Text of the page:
Not only vocabulary can be challenging but also idioms. I haven’t used “The Insider” with my students for this reason. Here are some examples. I just grabbed these very quickly out of the movie without trying to find something difficult.

Typical dialog in The Insider contains expressions like: “contractual obligations undertaken by you not to disclose any information”, “you manipulated me into this”, “you greased the rails”, “will he go on camera?”, “faced with a multi-billion dollar lawsuit”.

From “Erin Brokovich”: “This is the only thing you’ve got?”, “that place is a pigsty”, “this is a whole different ball game”, “you think if you got no uterus and no breasts you’re still technically a woman?”, “devote my entire reign as Miss Wichita”.

Of course, these terms can be teaching points. A lot depends on how and much how fast. Some films seem full of idioms and technical jargon and some films seem to use a rather simple English. To give you an idea of typical dialogs in these films I have take a one-minute sample from four movies. I randomly chose 30 minutes as a starting point and took one-minute of dialog from there.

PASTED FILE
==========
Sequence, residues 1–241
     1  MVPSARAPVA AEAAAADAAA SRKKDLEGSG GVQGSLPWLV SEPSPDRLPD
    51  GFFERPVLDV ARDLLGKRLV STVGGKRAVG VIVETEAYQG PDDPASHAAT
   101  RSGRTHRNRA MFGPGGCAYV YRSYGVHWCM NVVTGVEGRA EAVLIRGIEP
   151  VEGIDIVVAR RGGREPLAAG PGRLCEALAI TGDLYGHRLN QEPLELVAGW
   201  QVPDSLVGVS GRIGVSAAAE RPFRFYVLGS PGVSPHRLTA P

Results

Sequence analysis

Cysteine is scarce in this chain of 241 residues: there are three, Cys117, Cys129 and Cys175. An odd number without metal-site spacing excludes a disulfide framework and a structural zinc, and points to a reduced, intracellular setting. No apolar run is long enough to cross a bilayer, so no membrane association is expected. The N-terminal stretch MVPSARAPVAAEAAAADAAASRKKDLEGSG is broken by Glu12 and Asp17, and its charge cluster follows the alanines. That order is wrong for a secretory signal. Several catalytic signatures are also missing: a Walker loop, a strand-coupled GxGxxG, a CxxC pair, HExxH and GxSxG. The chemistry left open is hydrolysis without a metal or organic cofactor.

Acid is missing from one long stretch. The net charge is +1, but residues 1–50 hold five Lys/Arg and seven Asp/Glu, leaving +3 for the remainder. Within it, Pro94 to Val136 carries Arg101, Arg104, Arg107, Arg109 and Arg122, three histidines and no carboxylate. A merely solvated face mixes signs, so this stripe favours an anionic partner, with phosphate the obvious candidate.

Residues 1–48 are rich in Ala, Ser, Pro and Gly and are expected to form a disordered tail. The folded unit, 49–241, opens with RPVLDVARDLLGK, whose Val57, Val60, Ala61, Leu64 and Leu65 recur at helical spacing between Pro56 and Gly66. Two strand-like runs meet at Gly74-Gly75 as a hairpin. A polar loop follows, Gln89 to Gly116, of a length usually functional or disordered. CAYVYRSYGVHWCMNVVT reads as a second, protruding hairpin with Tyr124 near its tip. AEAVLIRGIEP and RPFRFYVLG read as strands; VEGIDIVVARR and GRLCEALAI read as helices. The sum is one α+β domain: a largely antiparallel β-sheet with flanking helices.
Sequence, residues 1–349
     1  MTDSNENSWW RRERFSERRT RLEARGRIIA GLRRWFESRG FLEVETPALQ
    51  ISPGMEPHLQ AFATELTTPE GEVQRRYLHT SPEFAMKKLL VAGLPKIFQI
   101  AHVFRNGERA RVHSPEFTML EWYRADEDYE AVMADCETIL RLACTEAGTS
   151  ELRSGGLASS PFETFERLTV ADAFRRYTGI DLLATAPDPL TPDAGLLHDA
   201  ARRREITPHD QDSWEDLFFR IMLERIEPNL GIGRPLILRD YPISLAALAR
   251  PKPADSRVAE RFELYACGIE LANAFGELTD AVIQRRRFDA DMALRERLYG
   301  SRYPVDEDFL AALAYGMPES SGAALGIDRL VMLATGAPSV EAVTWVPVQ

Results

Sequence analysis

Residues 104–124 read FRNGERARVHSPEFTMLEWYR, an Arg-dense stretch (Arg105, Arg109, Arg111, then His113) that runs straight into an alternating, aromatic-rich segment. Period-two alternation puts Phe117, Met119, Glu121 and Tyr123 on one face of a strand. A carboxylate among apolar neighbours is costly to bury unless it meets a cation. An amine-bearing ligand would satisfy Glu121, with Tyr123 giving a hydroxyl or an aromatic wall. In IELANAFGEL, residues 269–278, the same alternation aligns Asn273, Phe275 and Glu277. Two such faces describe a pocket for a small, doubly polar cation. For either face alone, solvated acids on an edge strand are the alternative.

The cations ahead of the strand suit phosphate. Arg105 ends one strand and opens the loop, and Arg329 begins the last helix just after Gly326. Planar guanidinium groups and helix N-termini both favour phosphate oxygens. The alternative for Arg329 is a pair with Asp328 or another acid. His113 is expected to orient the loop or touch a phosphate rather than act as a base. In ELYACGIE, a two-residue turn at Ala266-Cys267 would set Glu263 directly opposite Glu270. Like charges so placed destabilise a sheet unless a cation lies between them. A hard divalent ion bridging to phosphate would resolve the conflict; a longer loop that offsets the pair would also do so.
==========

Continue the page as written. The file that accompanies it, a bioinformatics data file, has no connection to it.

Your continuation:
I have put into CAPS the language that I think my upper-intermediate students may not understand. I would suggest that for these students that I am speaking of two of the movies below would be i+1 and two are i+2 or 3.

Think of one of your classes as you read the dialogs and ask yourself if your students would understand it. From this you would base your judgment on how much pre-teaching you would need to do or, if you are like me, if the film is accessible and i+1. (Of course, if the film is tremendously interesting the students will make a greater effort to grasp it and something like i+2 might be possible.)


00:30:00 – 00:31:00, Starring Starring Al Pacino, Russell Crowe, Christopher Plummer

A: (Talking about golf) And he gets out there and HE HAS FIVE STROKES ON US. He has more CONCENTRATION than anybody I’ve ever met. It’s SPOOKY HOW HE CAN CONCENTRATE.
B (Jeffrey): I’d rather play than talk about it. What did you want to see me about? I don’t like being back here.
A: (To a 3rd man) Jeffrey SAYS EXACTLY WHAT’S ON HIS MIND. Most people CONSIDER what they are saying – SOCIAL SKILLS. Jeffrey just CHARGES RIGHT AHEAD. (To Jeffrey) Now I know you understand the NATURE of the CONFIDENTIALITY PORTION of your SEVERANCE AGREEMENT with Brown & Williamson.
A: Yeah, I know you do. You know, I CAME UP THROUGH sales. One of the reasons I was a great salesman was I never made a promise I couldn’t keep. I knew that if I ever broke my promise, I’d SUFFER THE CONSEQUENCES.
B: Is that a THREAT?